Vehicle Importers Cry Out Over Cedi’s Depreciation

Used vehicles importers are also beginning to feel the pinch, following the rapid fall of the local currency, the cedi, against the major foreign trading currencies, particularly the US dollar.

According to them, the falling cedi and what they described as the numerous taxes imposed on their imported vehicles are making their vehicles more expensive, thereby threatening the survival of their business.

The cedi has depreciated by about four per cent since the beginning of the year and there seems to be no end in sight as far as the fall is concerned; a phenomenon which is creating a lot of uncertainty in the market.

Although the Bank of Ghana has come out with some measures to arrest the fall of the local currency, some currency analysts are not confident that it would have the expected impact on the situation at hand.

An importer of Korean cars, Mr Martin Gyamfi, in an interview with the GRAPHIC BUSINESS, disclosed that he had not been able to import any car in the last couple of months due to the exchange rates and the high import charges.

He said around April last year when the US dollar was 2.3, he imported some cars with $40, 000 (GH¢ 81, 200) but now that the dollar is pegged at 2.55, he would need GH¢102, 000 ($40, 000) to import the same number of cars.

“Per my calculations, i would incur a loss of GH¢8,000 if I continue importing the cars” Mr Gyamfi stated, adding that in order not to absorb the loss, he had no option but to pass on the cost to the customer. To him, this would make his vehicles too expensive and his capital could be locked up because it could take many months for the cars to be sold.

Mr Gyamfi also said last September, he spent GH¢13, 600 on a KIA Bongo car and was willing to sell it for GH¢15, 000, however a colleague of his just paid import charges, freight charges, all totaling GH16, 500 last week for the same car but due to the competition in the market, he was being compelled to sell the car for GH¢15, 000, which will mean a loss of GH¢1, 500.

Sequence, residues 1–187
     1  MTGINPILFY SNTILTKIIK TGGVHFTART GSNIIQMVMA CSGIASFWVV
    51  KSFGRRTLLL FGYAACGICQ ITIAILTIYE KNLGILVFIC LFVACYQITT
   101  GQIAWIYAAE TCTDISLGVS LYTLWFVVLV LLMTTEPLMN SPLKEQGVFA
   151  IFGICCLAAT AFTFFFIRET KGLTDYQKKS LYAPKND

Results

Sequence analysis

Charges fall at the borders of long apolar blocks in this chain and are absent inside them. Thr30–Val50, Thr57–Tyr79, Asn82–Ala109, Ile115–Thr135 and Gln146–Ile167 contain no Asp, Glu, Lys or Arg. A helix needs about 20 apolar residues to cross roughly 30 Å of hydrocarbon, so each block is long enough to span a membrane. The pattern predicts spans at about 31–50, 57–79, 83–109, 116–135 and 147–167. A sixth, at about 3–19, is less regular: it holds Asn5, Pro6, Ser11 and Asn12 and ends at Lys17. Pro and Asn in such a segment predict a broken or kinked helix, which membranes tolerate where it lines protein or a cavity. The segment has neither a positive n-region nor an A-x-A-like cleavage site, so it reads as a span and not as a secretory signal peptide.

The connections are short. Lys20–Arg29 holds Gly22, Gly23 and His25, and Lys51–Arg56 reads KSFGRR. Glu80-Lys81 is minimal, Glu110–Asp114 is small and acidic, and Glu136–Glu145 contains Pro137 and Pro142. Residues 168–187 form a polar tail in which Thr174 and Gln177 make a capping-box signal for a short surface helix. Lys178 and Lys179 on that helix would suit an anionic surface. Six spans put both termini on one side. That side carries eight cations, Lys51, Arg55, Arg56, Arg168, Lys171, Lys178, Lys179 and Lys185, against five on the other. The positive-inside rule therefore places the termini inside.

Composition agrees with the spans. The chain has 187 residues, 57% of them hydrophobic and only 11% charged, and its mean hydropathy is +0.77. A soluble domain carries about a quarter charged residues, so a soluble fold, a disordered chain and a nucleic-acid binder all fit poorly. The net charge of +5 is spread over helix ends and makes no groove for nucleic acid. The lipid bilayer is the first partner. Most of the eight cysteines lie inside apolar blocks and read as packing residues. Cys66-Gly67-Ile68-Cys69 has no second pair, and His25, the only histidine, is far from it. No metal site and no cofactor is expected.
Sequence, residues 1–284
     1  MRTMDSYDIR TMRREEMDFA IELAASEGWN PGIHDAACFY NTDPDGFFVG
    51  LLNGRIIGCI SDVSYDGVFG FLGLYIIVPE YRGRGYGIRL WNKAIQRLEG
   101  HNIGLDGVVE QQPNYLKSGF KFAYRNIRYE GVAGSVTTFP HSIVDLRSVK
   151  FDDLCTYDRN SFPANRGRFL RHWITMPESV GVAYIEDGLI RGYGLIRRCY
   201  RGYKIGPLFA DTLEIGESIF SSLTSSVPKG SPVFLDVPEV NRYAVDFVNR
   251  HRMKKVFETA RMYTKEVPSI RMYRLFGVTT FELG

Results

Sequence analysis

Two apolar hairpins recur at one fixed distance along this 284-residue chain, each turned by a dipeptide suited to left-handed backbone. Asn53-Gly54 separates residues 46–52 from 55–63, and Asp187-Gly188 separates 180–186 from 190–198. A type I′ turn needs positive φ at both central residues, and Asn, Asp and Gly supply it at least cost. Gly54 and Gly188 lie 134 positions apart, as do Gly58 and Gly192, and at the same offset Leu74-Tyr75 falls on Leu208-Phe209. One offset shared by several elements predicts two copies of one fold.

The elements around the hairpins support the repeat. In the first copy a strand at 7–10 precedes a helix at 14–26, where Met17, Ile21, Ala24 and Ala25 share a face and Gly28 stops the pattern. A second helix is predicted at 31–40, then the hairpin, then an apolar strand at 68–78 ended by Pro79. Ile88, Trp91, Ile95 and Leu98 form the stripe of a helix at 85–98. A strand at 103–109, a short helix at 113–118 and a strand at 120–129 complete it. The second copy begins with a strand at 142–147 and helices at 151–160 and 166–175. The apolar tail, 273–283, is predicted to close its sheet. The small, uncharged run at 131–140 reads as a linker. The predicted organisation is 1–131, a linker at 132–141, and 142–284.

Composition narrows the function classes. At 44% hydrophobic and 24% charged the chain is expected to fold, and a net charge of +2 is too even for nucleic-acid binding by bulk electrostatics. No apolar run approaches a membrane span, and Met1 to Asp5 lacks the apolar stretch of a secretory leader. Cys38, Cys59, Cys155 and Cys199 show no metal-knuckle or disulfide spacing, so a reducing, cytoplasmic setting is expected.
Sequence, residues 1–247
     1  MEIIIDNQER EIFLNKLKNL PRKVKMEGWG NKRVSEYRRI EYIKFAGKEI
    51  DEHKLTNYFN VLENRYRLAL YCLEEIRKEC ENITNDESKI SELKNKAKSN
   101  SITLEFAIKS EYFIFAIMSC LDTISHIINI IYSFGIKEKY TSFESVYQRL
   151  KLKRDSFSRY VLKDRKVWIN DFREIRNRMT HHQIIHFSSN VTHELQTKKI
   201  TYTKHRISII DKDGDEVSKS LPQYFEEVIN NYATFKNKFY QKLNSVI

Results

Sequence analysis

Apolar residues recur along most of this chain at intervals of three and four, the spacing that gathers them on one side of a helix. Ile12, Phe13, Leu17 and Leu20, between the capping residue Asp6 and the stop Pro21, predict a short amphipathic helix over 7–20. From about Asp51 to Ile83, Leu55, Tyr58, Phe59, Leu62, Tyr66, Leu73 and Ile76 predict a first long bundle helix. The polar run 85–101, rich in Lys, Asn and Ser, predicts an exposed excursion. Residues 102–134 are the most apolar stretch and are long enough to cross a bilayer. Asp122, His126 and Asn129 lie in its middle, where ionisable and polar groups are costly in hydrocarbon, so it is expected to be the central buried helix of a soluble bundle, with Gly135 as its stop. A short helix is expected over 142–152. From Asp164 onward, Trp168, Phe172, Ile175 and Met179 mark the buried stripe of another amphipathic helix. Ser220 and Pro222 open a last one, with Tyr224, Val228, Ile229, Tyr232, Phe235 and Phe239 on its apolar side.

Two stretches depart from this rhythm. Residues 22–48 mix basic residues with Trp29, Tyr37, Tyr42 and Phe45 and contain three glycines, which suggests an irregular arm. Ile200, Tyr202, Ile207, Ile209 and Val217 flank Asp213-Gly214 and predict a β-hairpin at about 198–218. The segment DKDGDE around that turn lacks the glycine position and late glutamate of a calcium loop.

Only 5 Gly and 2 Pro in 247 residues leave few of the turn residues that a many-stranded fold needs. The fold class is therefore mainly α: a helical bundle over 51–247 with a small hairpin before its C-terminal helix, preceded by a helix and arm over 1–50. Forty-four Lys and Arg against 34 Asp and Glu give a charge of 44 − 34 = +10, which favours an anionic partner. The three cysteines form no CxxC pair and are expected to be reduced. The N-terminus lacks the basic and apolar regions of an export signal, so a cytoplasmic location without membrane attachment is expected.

Another car dealer at Tesano, Mr Kwame Gyasi, also lamented the high import charges.

He said the import charge for one truck was now GH¢54, 000, while the import charge for a Range Rover is now GH¢85, 000; a situation that was affecting their business negatively.

Mr Gyasi also added that the car dealers in the country contribute a lot when it comes to economic growth but regrettably, various governments are insensitive to their plights.

“I spend more than GH¢800, 000 on import duties every three months and all the money goes to the government as taxes, and if single handedly spending over GH¢800, 000 on import duties, then the government should know the amount of money the numerous car dealers in the country were contributing to government revenue”, Mr Gyasi added.

He indicated that if the government did not address their problems and they were thrown out of business, it would be affected as well.

Mr Gyasi also explained that the car dealers employ many mechanics since most of the vehicles that they import have problems that are fixed by these mechanics before they are offered for sale.

Some of these car dealers however endanger the lives of road users since some of them have turned some pavements at Kwame Nkrumah Circle and Caprice into a garage where they park their vehicles for sale. Some have even parked theirs on the street, forcing pedestrians to walk on the streets.

The Assistant Director for the Okaikoi South Sub-Metro office of the Accra Metropolitan Assembly (AMA), Mr Samuel Tetteh Mormor, said the sub-metro was aware of the menace and had already started towing some of the vehicles away.

He said since the area cited was under Okaikoi South’s jurisdiction, they would make sure that the vehicles are moved from the pavements and streets.